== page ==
Retired Teacher Elected To Fill OK House Seat Vacated By Dan Kirby
TULSA, Oklahoma - Voters chose a Democrat and retired teacher to represent House District 75 in Tuesday's special election.
The seat was held by Republican Dan Kirby, who resigned in the midst of a sexual harassment investigation.
Democratic candidate Karen Gaddis won with 52 percent of the vote. Her campaign slogan was S.O.S. - "Save Our State."
"I just saw education get kicked off the cliff," she said.
Gaddis retired from teaching in 2011 but saw what her friends and colleagues still in the classroom had to deal with.
"Things were just getting harder and harder, and they were getting more and more frustrated. And I had friends moving out of state and it just got to a point where I thought, 'Somebody's gotta stand up,'" Gaddis said.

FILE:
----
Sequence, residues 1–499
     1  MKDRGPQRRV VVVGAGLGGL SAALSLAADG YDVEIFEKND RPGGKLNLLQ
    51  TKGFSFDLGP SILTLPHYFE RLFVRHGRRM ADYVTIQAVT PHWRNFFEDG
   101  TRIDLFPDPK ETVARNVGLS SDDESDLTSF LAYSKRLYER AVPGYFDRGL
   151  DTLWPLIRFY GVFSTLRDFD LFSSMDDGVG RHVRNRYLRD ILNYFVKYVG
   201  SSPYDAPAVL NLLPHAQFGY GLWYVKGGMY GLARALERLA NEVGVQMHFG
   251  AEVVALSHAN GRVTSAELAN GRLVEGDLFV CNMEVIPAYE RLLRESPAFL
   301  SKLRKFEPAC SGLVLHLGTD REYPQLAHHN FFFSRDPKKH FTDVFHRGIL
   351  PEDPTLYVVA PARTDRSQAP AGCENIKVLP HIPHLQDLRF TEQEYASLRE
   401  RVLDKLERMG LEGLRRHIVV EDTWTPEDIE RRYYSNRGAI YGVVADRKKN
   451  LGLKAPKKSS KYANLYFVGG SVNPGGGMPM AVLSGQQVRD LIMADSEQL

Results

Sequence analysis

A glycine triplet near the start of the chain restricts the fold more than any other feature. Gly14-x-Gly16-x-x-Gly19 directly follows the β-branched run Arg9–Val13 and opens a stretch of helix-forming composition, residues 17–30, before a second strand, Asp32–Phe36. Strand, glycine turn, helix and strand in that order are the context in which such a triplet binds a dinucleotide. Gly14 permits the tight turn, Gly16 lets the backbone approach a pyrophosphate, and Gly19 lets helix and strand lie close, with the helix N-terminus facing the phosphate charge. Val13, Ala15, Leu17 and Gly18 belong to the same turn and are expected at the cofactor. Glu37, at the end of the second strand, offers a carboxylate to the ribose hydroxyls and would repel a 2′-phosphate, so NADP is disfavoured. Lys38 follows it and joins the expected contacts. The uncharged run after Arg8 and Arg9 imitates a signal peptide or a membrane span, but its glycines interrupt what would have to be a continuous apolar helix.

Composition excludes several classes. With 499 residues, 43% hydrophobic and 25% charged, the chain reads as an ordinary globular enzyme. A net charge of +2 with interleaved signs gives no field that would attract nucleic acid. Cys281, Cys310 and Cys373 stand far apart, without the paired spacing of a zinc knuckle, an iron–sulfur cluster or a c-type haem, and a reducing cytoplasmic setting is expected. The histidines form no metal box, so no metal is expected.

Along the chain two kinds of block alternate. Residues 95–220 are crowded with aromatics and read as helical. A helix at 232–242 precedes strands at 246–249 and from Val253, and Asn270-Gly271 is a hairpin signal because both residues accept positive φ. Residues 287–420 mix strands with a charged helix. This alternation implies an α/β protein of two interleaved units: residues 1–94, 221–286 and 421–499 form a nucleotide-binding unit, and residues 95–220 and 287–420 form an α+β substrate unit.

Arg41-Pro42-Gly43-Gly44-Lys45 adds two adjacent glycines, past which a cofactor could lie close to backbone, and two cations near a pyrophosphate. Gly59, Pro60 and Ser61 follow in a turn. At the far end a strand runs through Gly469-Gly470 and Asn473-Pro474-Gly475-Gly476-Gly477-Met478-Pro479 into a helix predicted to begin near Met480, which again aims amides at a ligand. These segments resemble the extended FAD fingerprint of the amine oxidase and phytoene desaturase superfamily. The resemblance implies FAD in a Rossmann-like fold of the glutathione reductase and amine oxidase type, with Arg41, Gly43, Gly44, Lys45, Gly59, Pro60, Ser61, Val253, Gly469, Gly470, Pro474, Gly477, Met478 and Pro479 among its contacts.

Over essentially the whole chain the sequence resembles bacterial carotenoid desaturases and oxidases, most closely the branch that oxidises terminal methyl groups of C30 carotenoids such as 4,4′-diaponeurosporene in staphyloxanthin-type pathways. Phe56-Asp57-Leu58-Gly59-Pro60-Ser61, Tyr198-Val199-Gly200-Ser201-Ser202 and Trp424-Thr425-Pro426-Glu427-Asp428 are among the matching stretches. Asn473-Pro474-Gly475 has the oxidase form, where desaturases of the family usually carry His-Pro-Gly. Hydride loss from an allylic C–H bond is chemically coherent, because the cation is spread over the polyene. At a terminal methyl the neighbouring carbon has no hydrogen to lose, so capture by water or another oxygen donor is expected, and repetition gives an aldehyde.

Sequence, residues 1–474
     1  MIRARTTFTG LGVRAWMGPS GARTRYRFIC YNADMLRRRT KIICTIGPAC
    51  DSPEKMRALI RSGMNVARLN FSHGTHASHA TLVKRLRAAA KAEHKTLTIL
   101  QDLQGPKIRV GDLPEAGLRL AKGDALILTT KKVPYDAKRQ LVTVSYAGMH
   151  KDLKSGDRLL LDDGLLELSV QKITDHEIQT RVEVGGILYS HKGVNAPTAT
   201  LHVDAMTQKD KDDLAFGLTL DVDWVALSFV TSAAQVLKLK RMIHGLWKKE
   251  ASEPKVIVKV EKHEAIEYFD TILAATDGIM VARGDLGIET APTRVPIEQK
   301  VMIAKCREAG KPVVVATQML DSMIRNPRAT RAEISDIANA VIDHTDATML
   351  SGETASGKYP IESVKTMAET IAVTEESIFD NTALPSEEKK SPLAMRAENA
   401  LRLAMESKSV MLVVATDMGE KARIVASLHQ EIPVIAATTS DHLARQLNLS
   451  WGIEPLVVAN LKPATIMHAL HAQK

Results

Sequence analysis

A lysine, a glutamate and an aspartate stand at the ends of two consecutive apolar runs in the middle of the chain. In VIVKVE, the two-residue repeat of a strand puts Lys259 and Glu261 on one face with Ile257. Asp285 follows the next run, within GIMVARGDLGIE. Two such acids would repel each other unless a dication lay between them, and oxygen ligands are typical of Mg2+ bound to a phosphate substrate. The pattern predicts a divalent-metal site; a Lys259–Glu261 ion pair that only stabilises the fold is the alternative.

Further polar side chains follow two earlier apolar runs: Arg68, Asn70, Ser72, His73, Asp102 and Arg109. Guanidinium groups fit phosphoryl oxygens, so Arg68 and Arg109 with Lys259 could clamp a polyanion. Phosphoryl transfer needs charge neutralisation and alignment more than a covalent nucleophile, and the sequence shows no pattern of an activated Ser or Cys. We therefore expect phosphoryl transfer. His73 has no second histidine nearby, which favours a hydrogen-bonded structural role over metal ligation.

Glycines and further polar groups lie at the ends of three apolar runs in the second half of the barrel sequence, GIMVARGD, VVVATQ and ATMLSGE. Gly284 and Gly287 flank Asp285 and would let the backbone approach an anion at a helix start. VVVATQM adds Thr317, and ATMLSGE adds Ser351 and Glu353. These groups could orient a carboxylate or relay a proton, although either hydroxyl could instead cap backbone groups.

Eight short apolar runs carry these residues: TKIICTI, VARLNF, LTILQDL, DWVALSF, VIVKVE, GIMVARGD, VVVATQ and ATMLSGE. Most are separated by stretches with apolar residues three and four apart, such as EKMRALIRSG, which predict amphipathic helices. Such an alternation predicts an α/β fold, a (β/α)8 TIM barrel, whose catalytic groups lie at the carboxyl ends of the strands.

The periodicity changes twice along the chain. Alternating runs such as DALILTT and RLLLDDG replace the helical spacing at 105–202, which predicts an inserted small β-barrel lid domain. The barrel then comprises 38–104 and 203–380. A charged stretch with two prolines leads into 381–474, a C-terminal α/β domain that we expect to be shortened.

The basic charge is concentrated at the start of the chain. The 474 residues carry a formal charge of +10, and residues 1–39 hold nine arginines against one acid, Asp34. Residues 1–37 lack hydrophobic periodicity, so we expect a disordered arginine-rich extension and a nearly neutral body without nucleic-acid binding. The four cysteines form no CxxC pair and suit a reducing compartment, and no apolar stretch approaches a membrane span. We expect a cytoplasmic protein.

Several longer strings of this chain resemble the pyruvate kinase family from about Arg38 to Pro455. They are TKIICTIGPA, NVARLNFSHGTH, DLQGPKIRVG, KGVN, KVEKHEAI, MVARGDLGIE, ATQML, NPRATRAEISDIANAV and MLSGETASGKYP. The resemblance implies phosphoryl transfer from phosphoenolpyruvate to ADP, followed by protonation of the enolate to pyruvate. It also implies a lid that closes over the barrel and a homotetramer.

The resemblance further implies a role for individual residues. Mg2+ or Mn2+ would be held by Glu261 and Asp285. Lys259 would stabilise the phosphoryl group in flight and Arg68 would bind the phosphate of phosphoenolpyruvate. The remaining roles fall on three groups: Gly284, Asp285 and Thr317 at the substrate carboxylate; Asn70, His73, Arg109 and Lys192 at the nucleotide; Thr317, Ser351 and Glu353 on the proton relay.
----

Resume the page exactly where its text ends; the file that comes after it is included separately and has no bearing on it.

Armed with the support of other educators - like Booker T. Washington's John Waldron, who himself ran for state senate last year, and canvassed for Gaddis - she gained momentum, even in a red state.
"S.O.S. originally meant Save Our Schools, but now it means Save Our State," she said.
Republican candidate Tressa Nunley, a realtor, touted her well-rounded business background throughout her campaign.
"I've been in health care, telecommunications, and for the last 12 years, a realtor. And, so, working with people and their budgets and helping them find homes," she said.
Nunley said she's proud of the campaign she ran.
"I'm so thankful for all the teams that have come out and help me,” she said. “We're talking rain, wind, heat, walkers."
Ultimately, voters prioritized education.
"We've done a lot of door-knocking, we've made hundreds of telephone calls, we've mailed out flyers, we've worked hard," Gaddis said.
Gaddis taught at Tulsa Public Schools for 40 years.
Two other special elections took place across the state, including one to replace former state senator Ralph Shorty.
Shorty resigned amid an investigation into sex crimes involving an underage male prostitute.
Democrat Michael Brooks beat out Republican Joe Griffin for his District 44 seat.
It represents much of south Oklahoma City and parts of Mustang and Yukon.